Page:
LaNaydra Williams

Last Thursday evening, just hours after a sniper opened fire on a peaceful protest in downtown Dallas in response to the police-involved killings of Alton Sterling and Philando Castile, LaNaydra Williams received a Facebook notification about a strange comment left by a man named Rodney Lee on a picture of her five-year-old daughter from 2014.

“We’ll see how much her life matters soon…better be careful leaving your info open where she can be found," Lee wrote, adding a smiley face. "Hold her close tonight, it’ll be the last time.”

When Williams clicked through to see who the man was, she learned that Lee was a police officer living and working more than 500 miles away in Overland Park, Kansas. Williams told WDAF News that she did not know the man or anyone else living in Kansas and that the man's chilling comment left her shaken.

Advertisement

Advertisement

“It’s not okay. Not my child—she’s all I have,” Williams told the TV station. “India is my heart. That’s not right. We’re already on edge, so why would you do that?”

During an investigation into the comment, Overland Park Police Chief Francis Donchez Jr. said, police initially considered the possibility that Lee's Facebook account had been compromised by someone pretending to be him, but they soon realized that he was, in fact, responsible. The officer's actions, Donchez insisted, were not reflective of the police department's beliefs, and ultimately led to his firing.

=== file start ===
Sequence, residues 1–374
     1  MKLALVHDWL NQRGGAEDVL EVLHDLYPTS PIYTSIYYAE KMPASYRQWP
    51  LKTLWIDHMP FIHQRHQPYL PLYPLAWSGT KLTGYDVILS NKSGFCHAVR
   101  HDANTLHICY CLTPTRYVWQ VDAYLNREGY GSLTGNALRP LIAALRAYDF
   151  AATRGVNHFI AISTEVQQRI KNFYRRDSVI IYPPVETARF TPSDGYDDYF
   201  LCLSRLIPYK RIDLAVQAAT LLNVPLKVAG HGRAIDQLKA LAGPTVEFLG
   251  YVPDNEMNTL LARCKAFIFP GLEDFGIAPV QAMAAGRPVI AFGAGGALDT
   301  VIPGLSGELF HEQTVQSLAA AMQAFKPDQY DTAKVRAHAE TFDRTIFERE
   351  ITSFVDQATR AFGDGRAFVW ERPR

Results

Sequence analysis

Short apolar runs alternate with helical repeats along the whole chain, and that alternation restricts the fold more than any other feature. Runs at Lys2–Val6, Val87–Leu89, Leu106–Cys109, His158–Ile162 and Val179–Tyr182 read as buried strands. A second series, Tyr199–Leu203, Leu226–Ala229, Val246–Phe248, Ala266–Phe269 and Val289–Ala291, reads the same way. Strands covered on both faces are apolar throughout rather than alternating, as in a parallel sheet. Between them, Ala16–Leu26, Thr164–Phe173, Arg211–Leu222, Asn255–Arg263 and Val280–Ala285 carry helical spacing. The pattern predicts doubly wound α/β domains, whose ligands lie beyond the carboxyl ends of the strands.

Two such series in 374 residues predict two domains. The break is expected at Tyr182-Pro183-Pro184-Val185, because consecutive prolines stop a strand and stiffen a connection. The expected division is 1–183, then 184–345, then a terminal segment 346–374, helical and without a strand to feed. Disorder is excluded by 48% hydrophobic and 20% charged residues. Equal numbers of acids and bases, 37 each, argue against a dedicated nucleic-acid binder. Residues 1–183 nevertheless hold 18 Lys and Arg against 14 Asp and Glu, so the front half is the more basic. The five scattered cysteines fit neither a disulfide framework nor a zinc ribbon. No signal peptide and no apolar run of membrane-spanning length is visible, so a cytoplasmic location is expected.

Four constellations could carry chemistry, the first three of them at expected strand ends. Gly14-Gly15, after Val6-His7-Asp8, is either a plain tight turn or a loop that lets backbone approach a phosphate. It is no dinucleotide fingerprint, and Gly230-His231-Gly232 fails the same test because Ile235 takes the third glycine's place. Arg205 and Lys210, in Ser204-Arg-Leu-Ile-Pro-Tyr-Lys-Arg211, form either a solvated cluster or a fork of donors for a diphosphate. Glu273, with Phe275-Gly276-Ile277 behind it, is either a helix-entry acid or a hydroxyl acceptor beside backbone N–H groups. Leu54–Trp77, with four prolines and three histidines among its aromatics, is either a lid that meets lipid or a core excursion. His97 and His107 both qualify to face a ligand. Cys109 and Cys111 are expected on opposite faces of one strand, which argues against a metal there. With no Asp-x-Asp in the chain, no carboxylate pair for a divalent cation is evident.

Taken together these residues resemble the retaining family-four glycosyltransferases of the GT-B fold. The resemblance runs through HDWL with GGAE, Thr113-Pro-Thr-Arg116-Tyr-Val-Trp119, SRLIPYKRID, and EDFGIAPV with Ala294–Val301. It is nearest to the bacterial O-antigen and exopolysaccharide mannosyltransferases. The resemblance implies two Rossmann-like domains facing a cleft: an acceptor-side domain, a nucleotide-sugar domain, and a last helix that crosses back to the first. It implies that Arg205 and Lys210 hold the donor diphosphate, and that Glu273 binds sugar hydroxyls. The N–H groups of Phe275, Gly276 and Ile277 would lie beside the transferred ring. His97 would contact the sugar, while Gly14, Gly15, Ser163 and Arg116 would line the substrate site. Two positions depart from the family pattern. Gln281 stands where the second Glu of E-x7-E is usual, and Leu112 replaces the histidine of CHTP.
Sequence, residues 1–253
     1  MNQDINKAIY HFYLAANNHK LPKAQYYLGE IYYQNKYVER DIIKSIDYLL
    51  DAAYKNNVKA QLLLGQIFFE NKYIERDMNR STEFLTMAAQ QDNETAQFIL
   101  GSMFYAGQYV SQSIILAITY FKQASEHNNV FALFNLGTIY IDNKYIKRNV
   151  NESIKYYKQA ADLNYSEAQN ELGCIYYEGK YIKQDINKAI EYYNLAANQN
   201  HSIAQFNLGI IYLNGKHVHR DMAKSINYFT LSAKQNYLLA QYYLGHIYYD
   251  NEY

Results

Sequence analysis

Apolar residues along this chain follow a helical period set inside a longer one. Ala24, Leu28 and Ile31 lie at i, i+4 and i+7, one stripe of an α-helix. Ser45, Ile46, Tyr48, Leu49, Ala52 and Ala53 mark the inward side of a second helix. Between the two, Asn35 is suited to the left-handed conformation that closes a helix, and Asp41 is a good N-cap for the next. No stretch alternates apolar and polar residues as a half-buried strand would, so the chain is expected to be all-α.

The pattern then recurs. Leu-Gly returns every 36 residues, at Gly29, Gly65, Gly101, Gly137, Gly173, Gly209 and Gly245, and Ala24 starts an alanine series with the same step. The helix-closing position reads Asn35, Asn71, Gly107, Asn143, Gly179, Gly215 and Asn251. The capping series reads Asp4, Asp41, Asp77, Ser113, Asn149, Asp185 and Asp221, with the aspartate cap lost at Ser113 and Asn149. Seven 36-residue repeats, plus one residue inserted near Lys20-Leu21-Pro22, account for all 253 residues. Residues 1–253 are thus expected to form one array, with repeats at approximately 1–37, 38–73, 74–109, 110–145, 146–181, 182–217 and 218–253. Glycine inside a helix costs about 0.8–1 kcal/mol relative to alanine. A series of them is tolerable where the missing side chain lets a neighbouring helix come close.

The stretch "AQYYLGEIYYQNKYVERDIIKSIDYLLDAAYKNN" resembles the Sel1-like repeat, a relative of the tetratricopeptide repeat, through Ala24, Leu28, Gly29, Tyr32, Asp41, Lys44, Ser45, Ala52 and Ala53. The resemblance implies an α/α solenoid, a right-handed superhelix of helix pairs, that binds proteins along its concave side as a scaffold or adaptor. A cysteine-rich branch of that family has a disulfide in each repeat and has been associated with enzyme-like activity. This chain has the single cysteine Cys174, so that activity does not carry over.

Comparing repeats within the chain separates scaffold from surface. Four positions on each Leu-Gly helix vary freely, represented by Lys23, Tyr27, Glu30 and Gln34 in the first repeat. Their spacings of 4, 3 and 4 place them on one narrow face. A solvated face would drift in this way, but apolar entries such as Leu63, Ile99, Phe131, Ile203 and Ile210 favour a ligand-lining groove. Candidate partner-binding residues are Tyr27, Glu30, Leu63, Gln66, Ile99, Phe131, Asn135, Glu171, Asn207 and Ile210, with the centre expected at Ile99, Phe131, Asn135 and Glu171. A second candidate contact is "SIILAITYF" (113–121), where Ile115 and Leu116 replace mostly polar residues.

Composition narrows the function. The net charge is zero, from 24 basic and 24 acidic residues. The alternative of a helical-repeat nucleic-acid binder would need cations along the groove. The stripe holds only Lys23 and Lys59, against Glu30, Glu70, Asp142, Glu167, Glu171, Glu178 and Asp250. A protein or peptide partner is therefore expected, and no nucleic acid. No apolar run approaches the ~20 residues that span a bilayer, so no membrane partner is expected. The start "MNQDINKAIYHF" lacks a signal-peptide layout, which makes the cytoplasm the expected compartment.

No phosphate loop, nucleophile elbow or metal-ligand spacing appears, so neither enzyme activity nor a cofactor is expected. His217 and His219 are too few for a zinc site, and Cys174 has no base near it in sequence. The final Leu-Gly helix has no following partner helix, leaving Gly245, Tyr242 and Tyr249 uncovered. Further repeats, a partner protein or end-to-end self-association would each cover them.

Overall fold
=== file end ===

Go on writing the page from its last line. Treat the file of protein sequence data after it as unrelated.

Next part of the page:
“I want to assure our community, and those outside our community, that our highest priority is the safety and welfare of the citizens of Overland Park, and the men and women who protect everyone," Donchez said in a statement. "I will continue to hold the employees of the Overland Park Police Department accountable for its actions on and off-duty."

Advertisement

Overland Park police have not said how Lee found Williams' profile or what prompted him to leave the cryptic message on the two-year-old photo. Immediately after discovering the post, Williams was concerned about what might happen if and when Lee was fired—specifically about whether he might attempt to retaliate against her family for notifying the police. Now, though, she says her only concern is figuring out how to explain what happened to her daughter.

“She doesn't know anything about this messed up world,” she told WDAF. “Maybe I'll just say he was one bad cop. Not all of them are like that. I don't think she'll think they're all like that either way. She loves police."